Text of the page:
MA (Master of Arts)
Criminal Justice and Criminology
Date of Award
Committee Chair or Co-Chairs
Marian H. Whitson
Larry S. Miller, John T. Whitehead
The Sixth Amendment of the U.S. Constitution guarantees individuals’ right to trial by an impartial jury. However, empirical research indicates that the jury system is flawed, especially regarding judicial sentencing instructions. More specifically, jurors frequently misunderstand or misinterpret State patterned instructions. On a more encouraging note, there is evidence that comprehension of jury instructions can be improved. Thus, this research assessed improvement in juror comprehension using revised sentencing instructions. For the current investigation, participants included 201 volunteers called for jury duty in Western Tennessee. Data were generated via a questionnaire, which allowed for the collection of information relating to participants’ understanding of the sentencing instructions. Findings suggest that comprehension is low when jurors are only exposed to instructions written by the State. Furthermore, when jurors were given a more detailed explanation of certain problematic terminology, comprehension significantly increased. Policy implications of this research and directions for future improvement are discussed.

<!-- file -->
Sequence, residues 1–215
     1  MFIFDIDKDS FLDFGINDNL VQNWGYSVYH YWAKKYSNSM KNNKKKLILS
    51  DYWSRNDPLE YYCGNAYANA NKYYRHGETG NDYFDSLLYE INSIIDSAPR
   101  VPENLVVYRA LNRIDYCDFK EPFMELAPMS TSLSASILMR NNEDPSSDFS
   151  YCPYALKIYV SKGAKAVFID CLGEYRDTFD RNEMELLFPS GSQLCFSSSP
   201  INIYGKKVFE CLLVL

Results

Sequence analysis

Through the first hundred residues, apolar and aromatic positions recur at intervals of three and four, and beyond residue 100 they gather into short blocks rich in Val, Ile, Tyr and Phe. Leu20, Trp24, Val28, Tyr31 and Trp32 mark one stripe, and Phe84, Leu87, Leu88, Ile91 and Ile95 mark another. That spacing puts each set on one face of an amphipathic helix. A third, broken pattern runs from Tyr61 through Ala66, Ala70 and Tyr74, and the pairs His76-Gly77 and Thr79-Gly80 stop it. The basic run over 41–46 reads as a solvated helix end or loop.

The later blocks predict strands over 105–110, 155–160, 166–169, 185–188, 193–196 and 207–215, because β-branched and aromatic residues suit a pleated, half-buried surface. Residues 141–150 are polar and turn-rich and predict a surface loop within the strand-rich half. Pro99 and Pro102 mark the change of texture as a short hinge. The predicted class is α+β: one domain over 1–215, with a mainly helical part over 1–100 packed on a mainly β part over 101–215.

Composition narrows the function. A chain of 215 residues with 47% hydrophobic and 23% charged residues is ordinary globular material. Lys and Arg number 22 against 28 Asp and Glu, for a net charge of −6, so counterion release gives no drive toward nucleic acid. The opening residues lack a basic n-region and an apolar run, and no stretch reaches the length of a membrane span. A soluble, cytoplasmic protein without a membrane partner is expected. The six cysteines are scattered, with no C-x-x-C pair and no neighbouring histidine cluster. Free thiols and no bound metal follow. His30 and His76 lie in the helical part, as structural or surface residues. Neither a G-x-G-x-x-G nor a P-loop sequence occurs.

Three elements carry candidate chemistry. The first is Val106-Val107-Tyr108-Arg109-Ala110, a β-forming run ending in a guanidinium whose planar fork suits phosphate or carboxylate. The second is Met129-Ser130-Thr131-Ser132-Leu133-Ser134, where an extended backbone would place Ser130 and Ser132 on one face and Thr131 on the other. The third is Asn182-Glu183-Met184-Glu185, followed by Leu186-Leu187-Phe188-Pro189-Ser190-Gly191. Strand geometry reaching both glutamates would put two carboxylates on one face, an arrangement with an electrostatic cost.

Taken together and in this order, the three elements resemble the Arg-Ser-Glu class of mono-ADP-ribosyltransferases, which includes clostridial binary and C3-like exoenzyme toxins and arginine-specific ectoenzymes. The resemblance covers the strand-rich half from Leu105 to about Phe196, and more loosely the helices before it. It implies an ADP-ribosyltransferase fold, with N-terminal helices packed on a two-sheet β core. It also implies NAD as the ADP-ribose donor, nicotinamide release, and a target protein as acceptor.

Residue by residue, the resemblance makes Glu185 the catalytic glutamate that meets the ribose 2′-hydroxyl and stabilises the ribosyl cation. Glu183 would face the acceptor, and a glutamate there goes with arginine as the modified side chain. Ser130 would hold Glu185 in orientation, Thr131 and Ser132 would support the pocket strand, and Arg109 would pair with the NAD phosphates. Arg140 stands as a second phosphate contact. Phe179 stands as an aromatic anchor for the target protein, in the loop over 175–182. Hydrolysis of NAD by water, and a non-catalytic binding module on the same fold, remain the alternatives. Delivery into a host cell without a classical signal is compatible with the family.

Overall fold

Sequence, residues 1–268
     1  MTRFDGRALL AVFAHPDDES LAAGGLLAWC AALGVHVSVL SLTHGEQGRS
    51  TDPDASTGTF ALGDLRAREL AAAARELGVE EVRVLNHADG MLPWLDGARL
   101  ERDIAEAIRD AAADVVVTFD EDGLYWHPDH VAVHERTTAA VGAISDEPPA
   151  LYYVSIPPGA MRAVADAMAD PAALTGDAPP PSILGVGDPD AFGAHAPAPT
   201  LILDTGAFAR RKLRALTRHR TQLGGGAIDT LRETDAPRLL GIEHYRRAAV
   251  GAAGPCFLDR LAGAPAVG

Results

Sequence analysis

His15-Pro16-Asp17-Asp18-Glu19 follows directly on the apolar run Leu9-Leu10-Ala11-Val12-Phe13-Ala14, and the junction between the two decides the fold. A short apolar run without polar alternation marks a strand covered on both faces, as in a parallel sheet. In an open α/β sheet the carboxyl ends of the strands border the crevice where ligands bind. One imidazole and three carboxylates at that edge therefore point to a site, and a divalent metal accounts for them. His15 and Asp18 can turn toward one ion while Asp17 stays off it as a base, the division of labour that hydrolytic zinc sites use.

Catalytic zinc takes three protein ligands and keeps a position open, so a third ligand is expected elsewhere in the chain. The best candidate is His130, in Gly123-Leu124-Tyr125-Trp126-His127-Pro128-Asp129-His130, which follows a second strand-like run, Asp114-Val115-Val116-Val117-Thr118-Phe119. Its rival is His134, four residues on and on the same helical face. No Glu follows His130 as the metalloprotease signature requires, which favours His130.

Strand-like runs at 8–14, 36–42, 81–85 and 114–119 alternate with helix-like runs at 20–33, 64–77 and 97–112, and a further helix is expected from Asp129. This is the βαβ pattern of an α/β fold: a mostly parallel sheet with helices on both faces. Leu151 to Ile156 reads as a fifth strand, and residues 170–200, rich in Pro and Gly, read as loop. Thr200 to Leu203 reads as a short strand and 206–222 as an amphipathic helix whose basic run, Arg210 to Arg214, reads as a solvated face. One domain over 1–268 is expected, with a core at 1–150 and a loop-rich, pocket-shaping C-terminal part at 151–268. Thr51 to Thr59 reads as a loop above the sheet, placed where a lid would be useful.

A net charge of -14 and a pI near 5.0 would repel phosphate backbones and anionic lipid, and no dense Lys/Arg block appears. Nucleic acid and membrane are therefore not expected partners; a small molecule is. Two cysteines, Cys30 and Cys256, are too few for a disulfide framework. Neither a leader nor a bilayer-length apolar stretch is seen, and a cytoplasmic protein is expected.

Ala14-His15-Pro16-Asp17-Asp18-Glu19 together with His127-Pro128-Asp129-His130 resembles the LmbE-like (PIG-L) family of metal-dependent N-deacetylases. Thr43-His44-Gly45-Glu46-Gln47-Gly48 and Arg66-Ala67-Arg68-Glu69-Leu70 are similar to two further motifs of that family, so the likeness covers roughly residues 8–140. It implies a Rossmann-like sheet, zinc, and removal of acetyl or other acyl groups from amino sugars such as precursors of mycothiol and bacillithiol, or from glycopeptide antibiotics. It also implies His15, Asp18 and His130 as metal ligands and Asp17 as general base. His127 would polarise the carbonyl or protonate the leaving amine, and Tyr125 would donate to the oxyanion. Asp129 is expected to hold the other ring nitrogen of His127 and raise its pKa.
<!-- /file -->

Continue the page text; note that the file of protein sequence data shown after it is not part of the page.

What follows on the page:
Thesis - unrestricted
Stoots-Fonberg, Chasity Anne, "Misguided Instructions: Do Jurors Accurately Understand the Law in Death Penalty Trials?" (2003). Electronic Theses and Dissertations. Paper 737. https://dc.etsu.edu/etd/737
Copyright by the authors.